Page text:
The Slippery Slope

It has been 3 months and 23 days since Male died. In that time, I’ve been merely subsisting, and barely, at that.

I smoke entirely too much. Other than walking my dog, I don’t exercise. I eat poorly, if at all. A lot of times, I forget to eat. The only healthy thing I do for myself is drink lots of water. For the first few weeks after Male died, my friends forced me to eat, because it just wasn’t something I had any interest in doing. They slowly stopped forcing me, so I slowly stopped eating, or at least, eating well.

On an average weekday, I have one of those baby-food-for-adults protein bars for breakfast and/or lunch, and if I eat dinner at all, I eat garbage food.

One should not live on PowerBars alone. (
One cannot survive on coffee, cigarettes and PowerBars alone.

I’m not “building muscle” or “recovering fast” like PowerBar thinks I am; I’m slowly and subconsciously trying to kill myself. I am not healthy, and the saddest part is that I don’t really care.

I have Body Dysmorphic Disorder, and when I was in high school, I was anorexic. I’m still anorexic, because that’s not the type of thing that ever entirely goes away, though I’m not as obsessive about it as I once was. My anorexia now is not conscious. It is not a deliberate attempt to lose; it’s sadly, just habit. No matter what or how I eat, no matter how thin I am, I never see myself that way.

I don’t know how much I weigh because I don’t own a scale. Owning a scale just leads to obsession, so I don’t. I don’t know how much I weigh, but I know whether I’ve gained or lost by how my clothes fit. I know how healthy I am by where the weight I do have lands. Currently, any excess weight I do have lands in unhealthy places.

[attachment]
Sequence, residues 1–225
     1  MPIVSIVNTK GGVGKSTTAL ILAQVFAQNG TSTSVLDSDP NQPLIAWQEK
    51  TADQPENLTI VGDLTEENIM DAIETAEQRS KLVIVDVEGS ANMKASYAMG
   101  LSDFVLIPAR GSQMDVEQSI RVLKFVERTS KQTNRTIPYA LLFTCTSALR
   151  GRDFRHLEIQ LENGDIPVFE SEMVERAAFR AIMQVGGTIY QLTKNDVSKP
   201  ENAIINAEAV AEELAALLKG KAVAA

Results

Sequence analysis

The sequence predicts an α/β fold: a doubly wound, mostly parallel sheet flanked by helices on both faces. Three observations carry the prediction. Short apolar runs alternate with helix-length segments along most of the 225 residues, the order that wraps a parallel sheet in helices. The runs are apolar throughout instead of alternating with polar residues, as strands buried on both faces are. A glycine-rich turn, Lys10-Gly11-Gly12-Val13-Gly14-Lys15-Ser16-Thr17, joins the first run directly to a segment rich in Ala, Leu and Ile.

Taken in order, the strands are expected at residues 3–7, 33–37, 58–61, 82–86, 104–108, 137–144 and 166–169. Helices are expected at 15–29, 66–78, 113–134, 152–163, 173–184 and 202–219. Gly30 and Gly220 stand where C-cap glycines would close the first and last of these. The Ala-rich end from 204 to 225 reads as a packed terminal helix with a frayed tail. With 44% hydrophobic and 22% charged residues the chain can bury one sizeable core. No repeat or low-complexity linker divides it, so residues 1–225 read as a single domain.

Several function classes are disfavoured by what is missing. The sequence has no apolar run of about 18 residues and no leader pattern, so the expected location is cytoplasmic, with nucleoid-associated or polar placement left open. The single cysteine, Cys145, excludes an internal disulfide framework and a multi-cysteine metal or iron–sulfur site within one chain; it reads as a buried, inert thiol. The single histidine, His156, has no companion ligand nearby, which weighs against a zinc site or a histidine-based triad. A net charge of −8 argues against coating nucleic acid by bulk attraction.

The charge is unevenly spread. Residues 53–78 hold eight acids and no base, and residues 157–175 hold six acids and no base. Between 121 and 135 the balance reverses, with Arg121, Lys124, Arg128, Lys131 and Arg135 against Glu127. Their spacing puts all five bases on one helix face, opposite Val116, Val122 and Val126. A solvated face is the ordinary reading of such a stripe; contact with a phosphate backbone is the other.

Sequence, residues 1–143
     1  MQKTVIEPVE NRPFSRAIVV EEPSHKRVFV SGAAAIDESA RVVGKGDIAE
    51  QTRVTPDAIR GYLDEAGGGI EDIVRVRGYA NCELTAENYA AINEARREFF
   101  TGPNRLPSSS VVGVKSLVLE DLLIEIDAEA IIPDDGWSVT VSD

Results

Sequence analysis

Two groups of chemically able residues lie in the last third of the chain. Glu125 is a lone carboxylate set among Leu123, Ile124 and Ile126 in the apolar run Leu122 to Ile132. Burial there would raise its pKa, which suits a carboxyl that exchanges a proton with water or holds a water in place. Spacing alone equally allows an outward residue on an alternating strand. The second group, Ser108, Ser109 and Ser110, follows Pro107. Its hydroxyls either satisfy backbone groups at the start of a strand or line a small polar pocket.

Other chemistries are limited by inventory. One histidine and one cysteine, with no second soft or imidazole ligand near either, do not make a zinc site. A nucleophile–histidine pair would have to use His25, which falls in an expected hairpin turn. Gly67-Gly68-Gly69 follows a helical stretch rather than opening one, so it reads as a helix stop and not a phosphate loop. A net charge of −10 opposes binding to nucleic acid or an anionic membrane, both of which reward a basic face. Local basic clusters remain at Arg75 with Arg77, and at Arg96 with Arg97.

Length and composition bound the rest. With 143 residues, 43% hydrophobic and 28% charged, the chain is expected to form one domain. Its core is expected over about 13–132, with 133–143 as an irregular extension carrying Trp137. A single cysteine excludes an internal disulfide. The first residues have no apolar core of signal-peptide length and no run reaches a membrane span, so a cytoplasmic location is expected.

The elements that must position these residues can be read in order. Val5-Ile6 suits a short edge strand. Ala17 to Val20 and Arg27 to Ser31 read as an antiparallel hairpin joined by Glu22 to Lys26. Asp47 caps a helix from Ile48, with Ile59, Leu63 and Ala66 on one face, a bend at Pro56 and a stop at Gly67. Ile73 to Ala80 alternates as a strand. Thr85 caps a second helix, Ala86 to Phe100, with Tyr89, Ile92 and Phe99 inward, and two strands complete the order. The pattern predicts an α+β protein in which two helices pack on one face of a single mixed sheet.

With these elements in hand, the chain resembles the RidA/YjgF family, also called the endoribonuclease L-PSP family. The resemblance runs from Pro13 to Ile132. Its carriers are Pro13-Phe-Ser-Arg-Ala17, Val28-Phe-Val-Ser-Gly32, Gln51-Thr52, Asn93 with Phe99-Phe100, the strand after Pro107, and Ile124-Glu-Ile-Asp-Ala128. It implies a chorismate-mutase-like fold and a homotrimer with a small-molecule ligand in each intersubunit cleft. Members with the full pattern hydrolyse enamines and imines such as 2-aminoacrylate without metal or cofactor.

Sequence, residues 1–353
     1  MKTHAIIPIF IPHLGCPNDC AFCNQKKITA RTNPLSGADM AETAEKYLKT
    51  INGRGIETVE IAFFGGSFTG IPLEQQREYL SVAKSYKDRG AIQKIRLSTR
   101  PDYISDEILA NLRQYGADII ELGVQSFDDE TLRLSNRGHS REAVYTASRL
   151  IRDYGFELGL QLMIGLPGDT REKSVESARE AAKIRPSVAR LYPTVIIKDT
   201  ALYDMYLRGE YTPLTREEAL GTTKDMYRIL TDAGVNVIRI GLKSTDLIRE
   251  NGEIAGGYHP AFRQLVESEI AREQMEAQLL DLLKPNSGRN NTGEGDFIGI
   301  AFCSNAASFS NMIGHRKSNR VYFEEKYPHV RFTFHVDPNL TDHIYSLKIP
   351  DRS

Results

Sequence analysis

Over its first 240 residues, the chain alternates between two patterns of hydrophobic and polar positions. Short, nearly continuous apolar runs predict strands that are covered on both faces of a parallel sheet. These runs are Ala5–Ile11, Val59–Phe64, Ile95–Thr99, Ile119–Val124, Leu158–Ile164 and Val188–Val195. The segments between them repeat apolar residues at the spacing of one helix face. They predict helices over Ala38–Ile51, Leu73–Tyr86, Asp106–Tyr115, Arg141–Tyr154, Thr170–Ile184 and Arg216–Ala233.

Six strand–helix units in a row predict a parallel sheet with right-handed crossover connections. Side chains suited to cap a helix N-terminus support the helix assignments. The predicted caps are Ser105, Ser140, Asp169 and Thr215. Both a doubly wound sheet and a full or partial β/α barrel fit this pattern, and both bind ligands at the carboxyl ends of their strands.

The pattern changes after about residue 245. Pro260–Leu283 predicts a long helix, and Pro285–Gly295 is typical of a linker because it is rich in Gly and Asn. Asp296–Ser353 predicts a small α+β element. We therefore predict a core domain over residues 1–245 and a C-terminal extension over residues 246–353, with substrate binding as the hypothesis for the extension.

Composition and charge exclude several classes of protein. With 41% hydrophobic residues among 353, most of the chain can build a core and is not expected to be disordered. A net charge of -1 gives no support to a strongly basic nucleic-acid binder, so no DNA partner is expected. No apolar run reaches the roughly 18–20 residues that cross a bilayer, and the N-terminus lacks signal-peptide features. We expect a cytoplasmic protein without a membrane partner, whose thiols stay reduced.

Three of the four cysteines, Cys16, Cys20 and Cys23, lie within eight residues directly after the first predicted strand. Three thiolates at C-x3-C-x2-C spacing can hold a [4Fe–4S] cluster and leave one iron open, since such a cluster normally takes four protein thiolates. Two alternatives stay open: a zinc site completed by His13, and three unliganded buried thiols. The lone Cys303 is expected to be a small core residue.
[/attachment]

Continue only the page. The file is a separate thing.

A few years ago, a friend had a birthday party at the gun range. Someone took a full-body picture of me firing a shotgun. I was horrified. I was fat. I was probably the fattest I’d ever been, which to the rest of you without anorexia and BDD, wasn’t fat at all. A lot of you would look at that picture of me and wish you were that thin, whereas I was horrified. I immediately began the process of losing it.

A few months later, Male and I were lying in bed and he said I was nothing but a skeleton. He could feel my ribcage without even trying. I went from one extreme to the other in just a few months. My whole life has been about bouncing from one extreme to the other.

When I was in therapy immediately after Male died, my therapist was worried most about substance abuse issues. She was wrong. My biggest issue is not drugs or alcohol; it is apathy. From where I am at the moment, it would be super simple to become an obsessive anorexic skeleton again. All I’d have to do to get there is continue on this path.

The grief and depression and PTSD have been pushed to the top of the list since Male died. Body image issues land at the bottom. While I haven’t been paying attention, the anorexia and BDD have taken over. It’s just that easy. Turn your back for a minute, and they have their way.

It is a constant struggle and lately, I’ve been losing it. My cheerleader, my champion, the man who would force me to deal head-on with my issues is dead and gone. I stopped paying attention and the they took over. It’s exhausting business to continually fight the demons back. It’s exhausting business to care enough to try.

And, it makes me feel like such a first-world wuss, whingeing about body image issues, when so many people in the world are starving to death without wanting to, because they have no food to eat, not because they’re simply not eating like a goddamned idiot.

It really boils down to asking yourself, “Do you want to live or do you want to die?” 90% of the time, I want to live. It’s the other 10% that’s the problem, and that decimated negative percentage can easily grow if I’m not ever vigilant.

My issues make me feel like a big crybaby when I think about the hardships that others endure. When I view the big picture, all of these little trifles melt into nothingness, and I think, “Eat something, dumbass.”

Still, it’s never that simple to overcome a lifetime of abuse and bad habits, is it?